Orange moth georgia

Orange moth georgia DEFAULT

Family: Saturniidae

Subfamily: Ceratocampinae

Identification: Females can be twice as large as males. Upperside of female is yellow-orange to yellow-brown; forewing has a white cell spot and varying amounts of scattered black specks. Upperside of male is reddish orange to brownish orange; forewing is narrow with a small white cell spot and a small whitish translucent patch.

Wing Span: 1 3/16 - 2 inches (3 - 5 cm).

Life History: Adults are day fliers. Mating takes place from late morning to early afternoon, and in late afternoon or dusk, females begin laying eggs in large clumps on the underside of oak leaves. Eggs hatch in about 2 weeks and are gregarious when young. Fully-grown caterpillars pupate and overwinter in shallow underground chambers.

Flight: One brood from June-July.

Caterpillar Hosts: Various oaks (Quercus) and perhaps chinquapin (Castanea pumila).

Adult Food: Adults do not feed.

Habitat: Deciduous forests.

Range: Southern Maine west across the Great Lakes region to central Minnesota; south to central Georgia, central Alabama, central Mississippi, Louisiana, and east Texas.

Conservation: Caterpillar populations can be large enough to cause severe defoliation of oaks.

NCGR: G5 - Demonstrably secure globally, though it may be quite rare in parts of its range, especially at the periphery.

Management Needs: None reported.

Sours: https://www.butterfliesandmoths.org/species/Anisota-senatoria

Georgia Moth Series – Indianmeal Moth

There are over 160,000 species of moths in the United States. Moths are a group of insects that are related to butterflies. They belong to the Lepidoptera order. There are more than 54 moth species documented in Georgia.

In this series, we will discuss the following moths:

Indianmeal Moth

The Indianmeal moth, Plodia interpunctella (Hübner), is also spelled Indian-meal moth and Indian meal moth. It is a very common household pest, feeding principally on stored food products. Other common names for this moth are weevil moth, pantry moth, flour moth or grain moth.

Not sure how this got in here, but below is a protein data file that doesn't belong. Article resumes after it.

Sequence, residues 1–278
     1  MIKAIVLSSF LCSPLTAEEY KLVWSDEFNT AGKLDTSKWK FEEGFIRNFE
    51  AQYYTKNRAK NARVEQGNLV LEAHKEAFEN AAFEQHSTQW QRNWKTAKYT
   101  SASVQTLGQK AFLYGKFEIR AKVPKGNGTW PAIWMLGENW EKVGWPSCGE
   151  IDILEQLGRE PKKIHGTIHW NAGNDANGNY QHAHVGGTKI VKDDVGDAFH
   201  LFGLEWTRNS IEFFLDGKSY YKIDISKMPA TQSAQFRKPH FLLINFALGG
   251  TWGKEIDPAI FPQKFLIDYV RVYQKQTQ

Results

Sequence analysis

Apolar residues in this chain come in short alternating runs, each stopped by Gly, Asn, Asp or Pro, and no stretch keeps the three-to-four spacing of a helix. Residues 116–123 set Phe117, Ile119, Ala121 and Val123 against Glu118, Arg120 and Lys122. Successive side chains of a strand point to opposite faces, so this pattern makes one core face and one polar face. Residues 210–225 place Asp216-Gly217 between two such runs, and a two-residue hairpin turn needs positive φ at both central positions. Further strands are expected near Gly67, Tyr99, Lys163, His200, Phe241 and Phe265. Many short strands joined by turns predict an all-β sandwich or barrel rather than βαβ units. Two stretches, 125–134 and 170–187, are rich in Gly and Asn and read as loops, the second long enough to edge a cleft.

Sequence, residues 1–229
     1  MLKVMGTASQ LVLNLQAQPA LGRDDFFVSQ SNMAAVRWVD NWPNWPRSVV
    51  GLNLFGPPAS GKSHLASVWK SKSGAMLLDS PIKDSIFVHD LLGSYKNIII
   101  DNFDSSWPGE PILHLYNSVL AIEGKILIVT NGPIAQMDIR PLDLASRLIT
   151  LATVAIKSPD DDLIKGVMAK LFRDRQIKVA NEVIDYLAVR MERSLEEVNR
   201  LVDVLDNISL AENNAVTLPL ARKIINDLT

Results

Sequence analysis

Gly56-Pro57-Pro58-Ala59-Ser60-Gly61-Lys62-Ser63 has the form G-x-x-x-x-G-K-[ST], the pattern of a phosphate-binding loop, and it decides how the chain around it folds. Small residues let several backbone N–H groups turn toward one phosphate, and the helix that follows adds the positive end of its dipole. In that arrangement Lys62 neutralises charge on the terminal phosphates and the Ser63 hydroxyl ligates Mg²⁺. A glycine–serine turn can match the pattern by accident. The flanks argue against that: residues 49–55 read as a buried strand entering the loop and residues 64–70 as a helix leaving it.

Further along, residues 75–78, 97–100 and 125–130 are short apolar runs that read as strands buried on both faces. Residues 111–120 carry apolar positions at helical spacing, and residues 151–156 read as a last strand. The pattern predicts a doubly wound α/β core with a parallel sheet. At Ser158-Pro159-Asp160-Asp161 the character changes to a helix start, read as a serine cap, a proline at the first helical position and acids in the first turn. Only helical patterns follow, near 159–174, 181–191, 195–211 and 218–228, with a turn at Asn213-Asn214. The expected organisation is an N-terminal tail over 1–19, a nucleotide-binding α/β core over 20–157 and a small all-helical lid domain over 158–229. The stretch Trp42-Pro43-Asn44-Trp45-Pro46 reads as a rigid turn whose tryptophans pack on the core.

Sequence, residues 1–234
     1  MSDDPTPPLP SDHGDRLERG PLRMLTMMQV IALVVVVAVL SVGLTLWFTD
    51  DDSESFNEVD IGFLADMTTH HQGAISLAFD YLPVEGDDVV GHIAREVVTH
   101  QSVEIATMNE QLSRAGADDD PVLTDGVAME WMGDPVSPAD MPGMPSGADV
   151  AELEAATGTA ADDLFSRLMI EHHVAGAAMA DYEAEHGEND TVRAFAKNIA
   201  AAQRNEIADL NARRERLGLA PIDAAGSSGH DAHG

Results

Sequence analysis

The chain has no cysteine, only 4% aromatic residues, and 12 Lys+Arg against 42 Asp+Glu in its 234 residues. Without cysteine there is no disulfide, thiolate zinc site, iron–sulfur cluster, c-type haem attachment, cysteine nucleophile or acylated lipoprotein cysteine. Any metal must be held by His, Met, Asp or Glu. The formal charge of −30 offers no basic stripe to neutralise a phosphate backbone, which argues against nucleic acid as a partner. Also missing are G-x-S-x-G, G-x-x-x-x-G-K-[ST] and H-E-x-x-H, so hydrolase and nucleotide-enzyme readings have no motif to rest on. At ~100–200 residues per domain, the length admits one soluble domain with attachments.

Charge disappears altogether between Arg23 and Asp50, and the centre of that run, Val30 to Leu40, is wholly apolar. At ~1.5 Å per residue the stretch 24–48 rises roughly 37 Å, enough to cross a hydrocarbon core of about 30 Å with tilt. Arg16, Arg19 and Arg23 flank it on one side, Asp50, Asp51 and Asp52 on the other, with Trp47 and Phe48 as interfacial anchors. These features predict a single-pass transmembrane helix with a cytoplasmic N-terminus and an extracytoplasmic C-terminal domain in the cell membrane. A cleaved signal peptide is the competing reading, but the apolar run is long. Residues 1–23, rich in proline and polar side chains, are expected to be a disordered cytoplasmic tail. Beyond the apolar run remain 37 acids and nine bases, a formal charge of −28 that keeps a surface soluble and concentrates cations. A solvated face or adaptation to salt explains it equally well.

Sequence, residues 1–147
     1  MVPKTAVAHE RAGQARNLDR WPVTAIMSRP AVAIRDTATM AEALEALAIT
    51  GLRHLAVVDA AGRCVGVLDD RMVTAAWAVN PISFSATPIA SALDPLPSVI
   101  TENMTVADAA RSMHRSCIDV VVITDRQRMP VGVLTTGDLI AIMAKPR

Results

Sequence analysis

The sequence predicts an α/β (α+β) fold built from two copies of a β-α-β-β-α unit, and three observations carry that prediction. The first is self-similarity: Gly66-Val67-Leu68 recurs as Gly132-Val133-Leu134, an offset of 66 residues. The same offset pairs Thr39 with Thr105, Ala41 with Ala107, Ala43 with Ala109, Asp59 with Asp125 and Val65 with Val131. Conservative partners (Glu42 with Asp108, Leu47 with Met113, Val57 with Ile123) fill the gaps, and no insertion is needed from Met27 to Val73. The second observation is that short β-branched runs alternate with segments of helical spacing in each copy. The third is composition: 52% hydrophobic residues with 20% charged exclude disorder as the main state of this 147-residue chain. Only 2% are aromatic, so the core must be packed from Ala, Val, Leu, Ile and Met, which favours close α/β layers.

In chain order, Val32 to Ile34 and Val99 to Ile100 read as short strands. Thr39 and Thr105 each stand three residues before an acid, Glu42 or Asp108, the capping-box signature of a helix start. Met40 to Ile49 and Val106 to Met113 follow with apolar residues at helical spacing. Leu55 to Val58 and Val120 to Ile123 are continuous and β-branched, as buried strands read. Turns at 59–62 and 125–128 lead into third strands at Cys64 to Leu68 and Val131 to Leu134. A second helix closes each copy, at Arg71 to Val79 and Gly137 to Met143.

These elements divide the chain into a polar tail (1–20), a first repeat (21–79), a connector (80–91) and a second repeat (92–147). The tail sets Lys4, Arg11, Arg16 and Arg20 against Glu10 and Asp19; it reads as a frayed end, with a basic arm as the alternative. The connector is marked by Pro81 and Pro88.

The Indianmeal moth it has been called the most troublesome pest of stored products commonly found in American homes or grocery stores. The larvae are general feeders and can be found in cereals, whole grains, grain products, bird seeds, dried fruit, dog food, dried milk, nuts, and spices. This moth received its common name from the United States where it was found to be a pest of meal made of “Indian corn” or maize.

As they feed and crawl, the larvae spin silken threads which causes the damage. This process webs the particles of food together. Afterward, small moths fly in a zigzag fashion around kitchens and other indoor areas.

Classification

Here is the classification breakdown:

Kingdom Animalia (Animals)

Phylum Arthropoda (Arthropods)

Class Insecta (Insects)

Order Lepidoptera (Butterflies and Moths)

Family Pyralidae

Tribe Phycitini

Genus Plodia

Species P. Interpunctella

Identification

Indianmeal moths have a 5/8 inch wingspan and are pale gray. They are easily distinguished from other grain infesting moths by the reddish-brown or coppery luster of their outer forewing. Fully grown larvae are 1/2 inch and have brown heads and are dirty white, sometimes tinged with green, yellow or pink. They are extremely active.

Life Cycle